“It strikes me as a business that’s right up his alley,” said Jeff Matthews, an investor and author of Buffett-related books. “It’s a business that’s going to last for a long time,” he said. And the stock has “gotten crushed,” creating an opportunity to buy at an attractive price.
Oil drillers, gold miners and rig operators have sacrificed dividends to conserve cash amid tumbling prices in oversupplied commodity markets. When Kinder Morgan cut its dividend, it pledged not to issue any new shares through the end of 2018.
Kinder Morgan jumped 7.5 percent to $16.79 at 6:50 p.m. in extended trading in New York. Berkshire’s portfolio is closely watched by investors for clues into how the billionaire chairman and his backup stock pickers are thinking. Newly disclosed holdings often send shares higher.
One of Buffett’s deputy investment managers, Todd Combs or Ted Weschler, could be responsible for the investment. Both have been building portfolios at Berkshire and tend to make smaller bets than their boss.
“Our guess is that it’s Todd or Ted,” said Tony Scherrer, director of research at Smead Capital Management, which oversees about $2.1 billion including Berkshire shares. “It’s not insignificant, but it doesn’t smell like a straight-up Buffett move to us.”
Other closely watched investment managers added holdings in the energy industry during the fourth quarter. David Tepper’s Appaloosa Management bought shares of Kinder Morgan and Energy Transfer Partners LP, while Seth Klarman’s Baupost Group increased its positions in Antero Resources Corp., an oil and gas producer, and Cheniere Energy Inc.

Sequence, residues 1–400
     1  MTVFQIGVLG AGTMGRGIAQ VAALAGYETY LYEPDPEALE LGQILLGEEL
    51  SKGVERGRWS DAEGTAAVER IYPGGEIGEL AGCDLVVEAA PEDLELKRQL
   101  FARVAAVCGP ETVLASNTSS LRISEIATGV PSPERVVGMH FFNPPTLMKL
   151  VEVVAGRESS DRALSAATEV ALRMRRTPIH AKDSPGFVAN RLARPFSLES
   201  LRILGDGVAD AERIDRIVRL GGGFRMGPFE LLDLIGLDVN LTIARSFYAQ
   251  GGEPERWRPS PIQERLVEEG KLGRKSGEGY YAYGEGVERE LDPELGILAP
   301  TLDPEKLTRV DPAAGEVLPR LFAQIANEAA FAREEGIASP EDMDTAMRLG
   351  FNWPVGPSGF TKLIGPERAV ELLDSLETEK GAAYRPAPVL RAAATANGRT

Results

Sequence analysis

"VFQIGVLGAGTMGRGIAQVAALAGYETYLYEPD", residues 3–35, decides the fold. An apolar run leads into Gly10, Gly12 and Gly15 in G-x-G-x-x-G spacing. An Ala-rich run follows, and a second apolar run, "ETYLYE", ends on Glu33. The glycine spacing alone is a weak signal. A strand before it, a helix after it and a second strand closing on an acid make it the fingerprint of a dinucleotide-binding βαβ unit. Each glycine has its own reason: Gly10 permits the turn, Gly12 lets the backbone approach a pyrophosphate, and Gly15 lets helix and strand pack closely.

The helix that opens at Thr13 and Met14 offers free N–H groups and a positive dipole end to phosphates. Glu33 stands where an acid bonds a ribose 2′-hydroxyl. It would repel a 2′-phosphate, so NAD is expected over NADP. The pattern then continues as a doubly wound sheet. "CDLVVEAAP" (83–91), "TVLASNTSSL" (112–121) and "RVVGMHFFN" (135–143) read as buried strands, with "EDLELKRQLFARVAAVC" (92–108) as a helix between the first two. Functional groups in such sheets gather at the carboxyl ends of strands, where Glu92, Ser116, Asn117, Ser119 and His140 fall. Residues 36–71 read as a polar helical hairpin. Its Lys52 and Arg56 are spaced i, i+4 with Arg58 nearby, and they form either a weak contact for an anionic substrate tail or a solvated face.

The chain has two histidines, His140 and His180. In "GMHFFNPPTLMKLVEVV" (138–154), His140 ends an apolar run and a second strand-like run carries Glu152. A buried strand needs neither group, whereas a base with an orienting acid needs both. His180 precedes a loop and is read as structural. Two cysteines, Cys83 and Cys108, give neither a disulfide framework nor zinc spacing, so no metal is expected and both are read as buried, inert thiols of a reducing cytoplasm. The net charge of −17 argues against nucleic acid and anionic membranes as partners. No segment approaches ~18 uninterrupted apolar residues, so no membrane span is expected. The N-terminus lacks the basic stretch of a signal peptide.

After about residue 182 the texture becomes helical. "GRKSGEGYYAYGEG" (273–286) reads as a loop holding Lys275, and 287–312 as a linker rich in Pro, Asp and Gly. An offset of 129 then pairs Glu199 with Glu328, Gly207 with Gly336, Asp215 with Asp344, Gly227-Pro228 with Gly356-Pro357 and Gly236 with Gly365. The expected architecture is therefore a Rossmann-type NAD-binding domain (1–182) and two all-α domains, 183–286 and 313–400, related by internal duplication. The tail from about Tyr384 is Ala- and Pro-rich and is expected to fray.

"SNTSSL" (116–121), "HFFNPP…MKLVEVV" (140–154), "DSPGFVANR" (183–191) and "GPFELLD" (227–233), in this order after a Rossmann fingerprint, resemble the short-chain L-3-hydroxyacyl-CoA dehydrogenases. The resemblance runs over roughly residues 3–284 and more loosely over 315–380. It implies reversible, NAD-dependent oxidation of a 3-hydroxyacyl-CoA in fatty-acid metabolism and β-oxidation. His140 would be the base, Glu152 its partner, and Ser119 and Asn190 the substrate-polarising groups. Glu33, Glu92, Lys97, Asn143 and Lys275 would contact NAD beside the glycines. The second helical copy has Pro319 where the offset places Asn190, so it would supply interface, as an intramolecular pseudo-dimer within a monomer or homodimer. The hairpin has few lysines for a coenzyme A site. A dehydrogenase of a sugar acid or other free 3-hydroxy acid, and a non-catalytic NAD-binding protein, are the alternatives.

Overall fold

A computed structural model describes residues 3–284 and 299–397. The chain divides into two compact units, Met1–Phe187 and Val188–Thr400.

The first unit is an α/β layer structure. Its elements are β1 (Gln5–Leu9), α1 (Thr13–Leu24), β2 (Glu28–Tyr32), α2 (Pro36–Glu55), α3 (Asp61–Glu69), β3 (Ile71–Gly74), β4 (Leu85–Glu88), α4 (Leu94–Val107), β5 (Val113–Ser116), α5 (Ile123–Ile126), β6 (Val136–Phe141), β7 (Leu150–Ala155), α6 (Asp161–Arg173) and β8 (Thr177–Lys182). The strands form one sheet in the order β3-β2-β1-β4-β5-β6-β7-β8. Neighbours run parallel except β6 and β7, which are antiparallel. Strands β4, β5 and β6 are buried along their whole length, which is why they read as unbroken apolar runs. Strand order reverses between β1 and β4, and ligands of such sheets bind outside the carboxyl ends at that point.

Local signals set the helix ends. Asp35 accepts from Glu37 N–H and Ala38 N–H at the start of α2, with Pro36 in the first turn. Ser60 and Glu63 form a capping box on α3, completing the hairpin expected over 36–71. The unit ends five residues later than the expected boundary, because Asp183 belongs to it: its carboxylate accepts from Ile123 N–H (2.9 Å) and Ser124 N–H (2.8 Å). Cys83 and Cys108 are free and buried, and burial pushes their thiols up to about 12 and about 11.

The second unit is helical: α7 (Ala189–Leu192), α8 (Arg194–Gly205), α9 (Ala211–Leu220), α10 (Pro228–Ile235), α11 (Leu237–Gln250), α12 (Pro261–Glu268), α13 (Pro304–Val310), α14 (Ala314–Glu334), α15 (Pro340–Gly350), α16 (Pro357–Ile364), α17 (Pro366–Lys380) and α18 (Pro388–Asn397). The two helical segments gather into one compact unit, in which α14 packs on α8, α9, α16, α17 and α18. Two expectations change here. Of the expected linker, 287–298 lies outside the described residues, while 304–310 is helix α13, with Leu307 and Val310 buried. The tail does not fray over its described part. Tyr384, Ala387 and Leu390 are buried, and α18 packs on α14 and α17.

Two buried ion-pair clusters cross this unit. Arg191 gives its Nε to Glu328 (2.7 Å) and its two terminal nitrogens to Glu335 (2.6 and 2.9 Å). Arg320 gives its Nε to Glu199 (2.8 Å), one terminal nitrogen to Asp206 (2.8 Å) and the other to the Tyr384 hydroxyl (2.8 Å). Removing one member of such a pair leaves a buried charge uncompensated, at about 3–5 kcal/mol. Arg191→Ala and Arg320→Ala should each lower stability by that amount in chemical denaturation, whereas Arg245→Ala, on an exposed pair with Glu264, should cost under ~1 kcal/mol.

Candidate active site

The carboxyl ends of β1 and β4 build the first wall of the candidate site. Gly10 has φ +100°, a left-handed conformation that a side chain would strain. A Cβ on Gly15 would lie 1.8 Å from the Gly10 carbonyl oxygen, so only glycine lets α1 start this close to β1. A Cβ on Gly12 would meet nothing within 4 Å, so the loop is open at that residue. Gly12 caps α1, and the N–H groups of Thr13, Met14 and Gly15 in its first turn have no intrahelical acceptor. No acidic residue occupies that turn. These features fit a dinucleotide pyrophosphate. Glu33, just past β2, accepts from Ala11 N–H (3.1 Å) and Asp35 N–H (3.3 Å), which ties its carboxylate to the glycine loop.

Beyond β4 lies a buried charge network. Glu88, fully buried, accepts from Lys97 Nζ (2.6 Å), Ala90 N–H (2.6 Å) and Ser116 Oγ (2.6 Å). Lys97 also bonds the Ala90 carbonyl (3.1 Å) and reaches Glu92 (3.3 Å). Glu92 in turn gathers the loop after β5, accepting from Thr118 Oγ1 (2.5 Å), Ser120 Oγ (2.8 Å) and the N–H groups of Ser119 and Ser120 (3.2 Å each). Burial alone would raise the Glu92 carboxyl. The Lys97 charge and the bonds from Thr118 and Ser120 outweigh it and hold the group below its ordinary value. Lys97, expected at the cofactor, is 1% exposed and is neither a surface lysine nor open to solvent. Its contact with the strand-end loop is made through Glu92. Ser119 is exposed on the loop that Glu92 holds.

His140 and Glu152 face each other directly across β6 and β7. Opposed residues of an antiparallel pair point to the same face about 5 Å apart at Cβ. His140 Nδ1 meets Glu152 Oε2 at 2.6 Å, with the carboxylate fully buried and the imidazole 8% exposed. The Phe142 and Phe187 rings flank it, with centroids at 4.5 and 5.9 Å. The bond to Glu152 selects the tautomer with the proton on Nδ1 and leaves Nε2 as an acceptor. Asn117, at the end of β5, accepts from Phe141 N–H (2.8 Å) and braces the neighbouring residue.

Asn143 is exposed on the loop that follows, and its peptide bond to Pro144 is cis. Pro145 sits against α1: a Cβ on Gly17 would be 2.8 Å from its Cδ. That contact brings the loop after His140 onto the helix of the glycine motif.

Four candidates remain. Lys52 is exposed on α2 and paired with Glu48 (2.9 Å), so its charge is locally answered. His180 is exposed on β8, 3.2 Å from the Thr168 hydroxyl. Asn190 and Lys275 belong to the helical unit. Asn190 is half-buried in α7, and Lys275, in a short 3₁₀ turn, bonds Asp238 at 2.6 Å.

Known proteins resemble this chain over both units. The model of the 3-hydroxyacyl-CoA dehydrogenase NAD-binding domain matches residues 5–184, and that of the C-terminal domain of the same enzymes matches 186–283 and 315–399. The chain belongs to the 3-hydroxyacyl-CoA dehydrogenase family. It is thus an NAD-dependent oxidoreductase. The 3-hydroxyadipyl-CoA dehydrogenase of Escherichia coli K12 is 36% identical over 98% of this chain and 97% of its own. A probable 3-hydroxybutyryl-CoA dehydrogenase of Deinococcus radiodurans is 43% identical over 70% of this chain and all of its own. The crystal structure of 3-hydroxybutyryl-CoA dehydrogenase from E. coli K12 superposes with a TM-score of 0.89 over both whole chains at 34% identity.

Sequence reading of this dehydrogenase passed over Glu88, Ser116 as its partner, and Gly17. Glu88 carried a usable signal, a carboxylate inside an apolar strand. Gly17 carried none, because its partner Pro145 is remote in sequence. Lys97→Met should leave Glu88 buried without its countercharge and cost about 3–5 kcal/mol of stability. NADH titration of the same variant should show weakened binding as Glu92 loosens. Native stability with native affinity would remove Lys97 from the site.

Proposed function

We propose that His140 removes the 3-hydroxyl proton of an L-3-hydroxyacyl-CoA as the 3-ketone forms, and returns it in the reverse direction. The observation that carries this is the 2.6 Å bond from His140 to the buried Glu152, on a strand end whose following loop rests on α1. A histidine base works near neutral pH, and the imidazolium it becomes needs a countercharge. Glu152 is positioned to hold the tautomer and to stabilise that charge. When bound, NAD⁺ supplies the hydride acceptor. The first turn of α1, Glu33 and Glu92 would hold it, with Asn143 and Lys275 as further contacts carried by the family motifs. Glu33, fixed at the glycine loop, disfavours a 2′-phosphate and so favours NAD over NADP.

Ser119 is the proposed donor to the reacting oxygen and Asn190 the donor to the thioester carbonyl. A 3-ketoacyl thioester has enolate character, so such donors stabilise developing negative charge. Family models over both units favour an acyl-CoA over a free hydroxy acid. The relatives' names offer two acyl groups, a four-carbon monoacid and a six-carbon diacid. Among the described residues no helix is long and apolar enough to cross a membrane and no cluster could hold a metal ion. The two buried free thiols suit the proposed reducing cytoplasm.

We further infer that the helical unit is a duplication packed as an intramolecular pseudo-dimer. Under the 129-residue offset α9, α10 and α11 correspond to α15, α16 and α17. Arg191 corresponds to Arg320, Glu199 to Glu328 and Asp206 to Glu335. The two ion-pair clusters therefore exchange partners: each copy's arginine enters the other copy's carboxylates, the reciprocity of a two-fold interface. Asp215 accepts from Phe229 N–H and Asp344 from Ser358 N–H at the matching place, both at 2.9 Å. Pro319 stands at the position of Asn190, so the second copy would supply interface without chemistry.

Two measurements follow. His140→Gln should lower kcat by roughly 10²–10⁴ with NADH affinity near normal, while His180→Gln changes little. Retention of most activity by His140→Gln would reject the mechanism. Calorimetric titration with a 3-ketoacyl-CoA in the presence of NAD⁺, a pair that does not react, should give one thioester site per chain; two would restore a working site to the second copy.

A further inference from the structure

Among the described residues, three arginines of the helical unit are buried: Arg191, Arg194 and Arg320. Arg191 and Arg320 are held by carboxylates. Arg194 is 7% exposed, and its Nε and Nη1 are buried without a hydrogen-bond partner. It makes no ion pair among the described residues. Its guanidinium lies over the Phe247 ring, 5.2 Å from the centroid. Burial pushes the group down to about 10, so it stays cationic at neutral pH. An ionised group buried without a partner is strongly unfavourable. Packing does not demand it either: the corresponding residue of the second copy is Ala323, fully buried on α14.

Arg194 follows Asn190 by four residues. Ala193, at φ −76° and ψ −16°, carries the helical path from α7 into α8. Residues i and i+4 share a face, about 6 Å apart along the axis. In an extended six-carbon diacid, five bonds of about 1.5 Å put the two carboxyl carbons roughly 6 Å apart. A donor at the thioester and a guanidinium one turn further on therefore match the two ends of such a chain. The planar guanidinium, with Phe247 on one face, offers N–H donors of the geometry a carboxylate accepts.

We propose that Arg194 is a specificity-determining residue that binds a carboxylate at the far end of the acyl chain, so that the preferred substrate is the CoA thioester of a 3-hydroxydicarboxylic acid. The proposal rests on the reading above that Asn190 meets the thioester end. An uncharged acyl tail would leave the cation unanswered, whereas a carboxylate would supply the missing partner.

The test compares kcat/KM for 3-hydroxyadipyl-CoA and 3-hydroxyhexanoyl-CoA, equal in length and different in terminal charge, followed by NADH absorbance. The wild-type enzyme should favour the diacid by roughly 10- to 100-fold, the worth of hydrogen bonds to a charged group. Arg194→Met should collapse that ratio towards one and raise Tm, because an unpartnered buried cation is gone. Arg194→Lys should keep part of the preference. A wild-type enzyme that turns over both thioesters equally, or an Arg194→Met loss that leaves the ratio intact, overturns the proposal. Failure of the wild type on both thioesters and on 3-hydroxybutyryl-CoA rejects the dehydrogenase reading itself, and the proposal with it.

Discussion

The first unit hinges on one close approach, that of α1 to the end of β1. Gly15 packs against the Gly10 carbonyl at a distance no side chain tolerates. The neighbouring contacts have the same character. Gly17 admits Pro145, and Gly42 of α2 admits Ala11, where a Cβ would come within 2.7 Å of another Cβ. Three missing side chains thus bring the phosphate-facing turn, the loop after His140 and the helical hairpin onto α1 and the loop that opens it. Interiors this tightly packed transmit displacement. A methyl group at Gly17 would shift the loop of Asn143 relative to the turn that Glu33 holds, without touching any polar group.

At the Daily Journal AGM in 2014 Charlie Munger mentioned that Berkshire was set to become the biggest utility in the country. The acrimonious dispute with solar companies in Nevada highlights its participation in that power market but that only gives a small window on the kinds of businesses Berkshire seems to buy. The short answer could be that they tend to buy companies whose products are used every day. That’s as true of Coca Cola as it is of railroads, electricity and now pipelines.
Kinder Morgan cut its dividend by 75% in December and justified the move on the basis that it did not want to dilute the holdings of existing shareholders with further stock issuance. The decision was met with abrupt selling pressure but the downtrend began to lost momentum and posted a large upside weekly key reversal toward the end of January. A reversionary rally now appears to be underway and a sustained move below $15 would be required to question current scope for additional upside. I’ve also now introduced an in-the-money stop on the long I opened in Kinder Morgan on January 22nd.
Berkshire Hathaway has been trending lower since December 2014 and will need to sustain a move back above the 200-day MA to signal a return to demand dominance beyond short-term steadying.